Manual vs Automation: A Battle with Two Winners

When deciding whether to automate or to stay manual, a healthy mix will lead to greater payback.

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There is something to say about that feeling you get after completing a task with your bare hands. You receive an undeniable sense of accomplishment that leaves one proud. But that feeling tends to fade after realizing that you have to complete that same task ad infinitum.

It is not uncommon for a manufacturer to eventually encounter this pain point on their journey and automation is widely touted as a remedy to that problem. After all, in that same span of time, a machine specifically built for that task may have completed that exact duty with more repetitions.

But automation alone doesn’t solve the whole problem. It then raises the question of the effects on the workers, how it impacts their job, and how much it will cost the company. This naturally brings up a conflict between the side that want to remain manual and the other that wants to adopt automation.

The answer lies with a little bit of both. Rather than pitting manual processes and automation against each other, implementing an automated storage and retrieval system (AS/RS), which can work in tandem with those who perform tasks manually, leads to a stronger distribution center and healthier bottom line.

Benefits to the workforce

When asked today, it is not uncommon for manufacturing leaders to claim that their biggest pain point is labor and it remains a prevalent issue that consistently finds itself near the top of the list. Thanks to The Great Resignation and The Silver Tsunami, not only are there difficulties keeping staff, those that are currently working the floor may not have the proper skills or training experience to maintain and operate a complex system.

An AS/RS goes a long way in addressing the on-going labor problems. Generally, manufacturers planning to implement such a system are growing, so they are looking to be more operationally efficient. There are many benefits to be had by automating some parts of the process and keeping other parts manual.

One major benefit to workers is the improvement of working conditions. Not only is automation making lives simpler, but repetitive and potentially dangerous manual tasks like moving and replacing giant pallets are also made less difficult and more comfortable. What once required copious movements and travel, with automatic machinery, can now be completed within a designated ergonomic workspace.

As for those that fear they are losing jobs, automation simply allows workers to be placed in more effective positions and actually opens up a position for those dedicated to learning and receiving the qualifications. What at first seems like an attack on manual, automation breeds opportunity for those who want to take it.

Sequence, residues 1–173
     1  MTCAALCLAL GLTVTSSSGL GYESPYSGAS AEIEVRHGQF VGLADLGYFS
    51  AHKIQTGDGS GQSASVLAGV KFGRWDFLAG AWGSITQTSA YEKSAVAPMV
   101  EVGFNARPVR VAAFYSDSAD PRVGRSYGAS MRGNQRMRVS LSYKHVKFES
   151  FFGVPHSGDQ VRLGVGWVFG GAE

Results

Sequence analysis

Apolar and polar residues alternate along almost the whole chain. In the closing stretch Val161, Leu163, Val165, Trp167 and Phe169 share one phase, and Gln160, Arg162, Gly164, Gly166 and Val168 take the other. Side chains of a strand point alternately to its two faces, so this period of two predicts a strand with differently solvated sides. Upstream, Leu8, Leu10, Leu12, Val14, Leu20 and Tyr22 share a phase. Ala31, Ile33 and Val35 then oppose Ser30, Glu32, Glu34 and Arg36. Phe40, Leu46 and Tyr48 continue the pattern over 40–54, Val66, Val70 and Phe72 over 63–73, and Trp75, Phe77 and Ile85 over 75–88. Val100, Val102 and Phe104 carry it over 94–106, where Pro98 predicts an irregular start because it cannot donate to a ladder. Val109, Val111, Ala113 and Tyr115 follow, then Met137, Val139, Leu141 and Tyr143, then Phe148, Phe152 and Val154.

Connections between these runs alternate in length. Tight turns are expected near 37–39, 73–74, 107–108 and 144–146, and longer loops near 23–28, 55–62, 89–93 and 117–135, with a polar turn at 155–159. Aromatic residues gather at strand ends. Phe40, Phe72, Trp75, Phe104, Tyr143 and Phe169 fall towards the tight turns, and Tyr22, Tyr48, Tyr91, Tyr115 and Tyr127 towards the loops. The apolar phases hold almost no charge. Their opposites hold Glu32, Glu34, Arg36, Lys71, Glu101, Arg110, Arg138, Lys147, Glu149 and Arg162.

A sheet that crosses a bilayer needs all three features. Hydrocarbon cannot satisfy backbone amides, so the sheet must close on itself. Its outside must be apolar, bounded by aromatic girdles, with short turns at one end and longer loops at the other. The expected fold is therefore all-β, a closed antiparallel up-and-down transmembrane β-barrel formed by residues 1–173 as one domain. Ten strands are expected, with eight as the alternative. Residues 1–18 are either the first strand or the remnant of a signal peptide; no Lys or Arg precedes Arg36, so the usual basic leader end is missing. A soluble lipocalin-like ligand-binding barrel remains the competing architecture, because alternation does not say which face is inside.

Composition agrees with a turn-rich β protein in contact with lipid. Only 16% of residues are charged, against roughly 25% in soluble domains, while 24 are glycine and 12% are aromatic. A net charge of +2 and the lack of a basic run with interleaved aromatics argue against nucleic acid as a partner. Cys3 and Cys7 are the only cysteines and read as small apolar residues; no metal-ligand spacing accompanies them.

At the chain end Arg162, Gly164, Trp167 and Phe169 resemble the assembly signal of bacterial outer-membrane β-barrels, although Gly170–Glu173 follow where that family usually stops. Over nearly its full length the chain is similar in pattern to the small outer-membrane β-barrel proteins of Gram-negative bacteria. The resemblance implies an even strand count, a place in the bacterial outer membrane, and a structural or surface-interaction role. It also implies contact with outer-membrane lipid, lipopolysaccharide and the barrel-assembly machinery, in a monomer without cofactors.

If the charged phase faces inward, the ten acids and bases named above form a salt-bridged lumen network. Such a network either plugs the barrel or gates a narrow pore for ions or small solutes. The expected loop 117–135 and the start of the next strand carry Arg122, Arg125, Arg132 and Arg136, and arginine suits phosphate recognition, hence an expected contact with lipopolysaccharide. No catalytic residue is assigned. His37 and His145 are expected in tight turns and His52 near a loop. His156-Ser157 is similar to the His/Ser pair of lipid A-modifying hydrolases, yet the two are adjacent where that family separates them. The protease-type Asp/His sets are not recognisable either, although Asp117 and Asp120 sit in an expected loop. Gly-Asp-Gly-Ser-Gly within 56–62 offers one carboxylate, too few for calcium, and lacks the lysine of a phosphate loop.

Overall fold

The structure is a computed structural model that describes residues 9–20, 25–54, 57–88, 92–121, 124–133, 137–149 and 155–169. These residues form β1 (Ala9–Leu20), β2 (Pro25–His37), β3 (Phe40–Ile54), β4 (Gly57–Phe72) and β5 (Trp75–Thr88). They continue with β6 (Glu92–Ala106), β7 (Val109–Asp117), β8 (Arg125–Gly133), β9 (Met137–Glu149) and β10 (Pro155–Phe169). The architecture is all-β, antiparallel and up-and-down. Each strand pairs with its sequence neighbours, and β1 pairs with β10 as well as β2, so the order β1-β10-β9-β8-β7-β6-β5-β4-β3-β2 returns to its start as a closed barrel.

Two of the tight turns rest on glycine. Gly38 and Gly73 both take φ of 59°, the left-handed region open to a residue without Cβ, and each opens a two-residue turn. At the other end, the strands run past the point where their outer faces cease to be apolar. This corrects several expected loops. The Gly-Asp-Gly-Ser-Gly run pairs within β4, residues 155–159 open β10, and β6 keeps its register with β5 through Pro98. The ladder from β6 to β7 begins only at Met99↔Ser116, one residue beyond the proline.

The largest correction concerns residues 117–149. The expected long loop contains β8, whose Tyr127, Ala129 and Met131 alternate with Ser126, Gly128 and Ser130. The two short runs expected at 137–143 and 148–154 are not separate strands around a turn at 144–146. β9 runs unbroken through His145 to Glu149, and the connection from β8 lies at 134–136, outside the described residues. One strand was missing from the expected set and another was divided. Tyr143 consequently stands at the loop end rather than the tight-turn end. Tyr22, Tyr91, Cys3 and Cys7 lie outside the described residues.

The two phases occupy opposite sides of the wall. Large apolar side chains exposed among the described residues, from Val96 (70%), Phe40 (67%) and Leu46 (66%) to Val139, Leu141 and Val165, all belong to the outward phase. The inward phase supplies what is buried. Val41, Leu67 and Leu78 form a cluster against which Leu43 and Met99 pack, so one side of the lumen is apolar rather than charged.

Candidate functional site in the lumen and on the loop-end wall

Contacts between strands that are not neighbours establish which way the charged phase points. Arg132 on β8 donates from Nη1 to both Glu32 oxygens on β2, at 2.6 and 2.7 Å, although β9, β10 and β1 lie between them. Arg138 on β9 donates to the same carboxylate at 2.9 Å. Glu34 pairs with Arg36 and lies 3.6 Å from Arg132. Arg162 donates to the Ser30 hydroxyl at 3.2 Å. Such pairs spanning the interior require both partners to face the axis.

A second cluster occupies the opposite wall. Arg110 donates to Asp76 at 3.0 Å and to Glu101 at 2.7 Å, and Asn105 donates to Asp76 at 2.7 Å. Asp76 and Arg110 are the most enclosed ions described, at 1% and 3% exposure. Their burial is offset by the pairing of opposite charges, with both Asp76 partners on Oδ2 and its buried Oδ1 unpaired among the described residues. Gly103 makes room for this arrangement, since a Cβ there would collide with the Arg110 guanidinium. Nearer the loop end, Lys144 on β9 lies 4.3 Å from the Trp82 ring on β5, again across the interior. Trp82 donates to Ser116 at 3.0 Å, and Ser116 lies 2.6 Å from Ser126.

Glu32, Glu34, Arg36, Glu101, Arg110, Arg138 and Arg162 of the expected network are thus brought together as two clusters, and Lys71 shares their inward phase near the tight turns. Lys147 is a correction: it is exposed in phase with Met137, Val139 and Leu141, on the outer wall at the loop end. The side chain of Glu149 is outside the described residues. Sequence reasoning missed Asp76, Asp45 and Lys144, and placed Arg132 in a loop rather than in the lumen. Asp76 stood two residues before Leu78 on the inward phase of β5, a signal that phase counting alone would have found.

Cost and Corporate Sustainability

While labor savings can pile up thanks to automation, that alone isn't enough to justify putting in an AS/RS. Most leaders know what it costs to properly run their warehouse and a lot of the time, infrastructure is another area of needed focus. They have copious amounts of space, but they need to take advantage of it.

Automation helps densify. Whether it be with single-deep, double-deep pallet racking, multiple deep solutions, or any combination of those, AS/RS is capable of working with restrictive designs and offers the opportunity to be creative. Now, pallets can be stacked vertically, and with the right automation, effectively take advantage of previously unused space, safely opening up and allowing quicker access for manual workers.

This process also leads to savings and what is ultimately needed to put this system in place is a comprehensive analysis. Whether they are automating so they aren’t left behind by the competition or they can tell that this is truly the future of the industry, automation leads to reduced costs, making both labor and cost necessary elements for success. It is imperative leaders see that while it may cost more in the short term, looking ahead makes it clear that it’s justifiable for future success.

Risk Mitigation

Problems happen. When there is downtime or if processes slow down, there are difficulties with the system. Manually dealing with issues will lead to an eventual resolution, but for the most part, the time it takes could put the entire operation behind. Success all depends on how you approach them.

Supply Chain Risk Mitigation (SCRM) can only be benefitted by automation. With the proper software in place, downtime from issues like difficulty from cleaning and maintaining the system is quickly addressed. It detects the single point of failure in the system and instantaneously finds a solution or route.

This flexibility only becomes more valuable with higher throughputs. It’s natural for a company to want their system to run 24/7, and as they grow, so will the systems. As long as there is SCRM software sophistication, it will not take long to get things back up and running.

The Solution

Always design to the data. From the size, to the rates, to the flexibility you can afford, look at what you have to work with. It is best practice to work with an automation supplier and complete a comprehensive data analysis. From there, you will be provided with a deep dive into your business and be guided with a developed data-driven plan on how automation can optimize your current warehouse practices.

In the end, rather than having to choose between automation and manual, finding a healthy hybrid of both in a cohesive system is what you should be after. The staff maintaining the equipment will be safer and given better opportunities to deal with sophisticated machinery and software. In the battle of manual versus automation, everyone is a winner when there is both in place.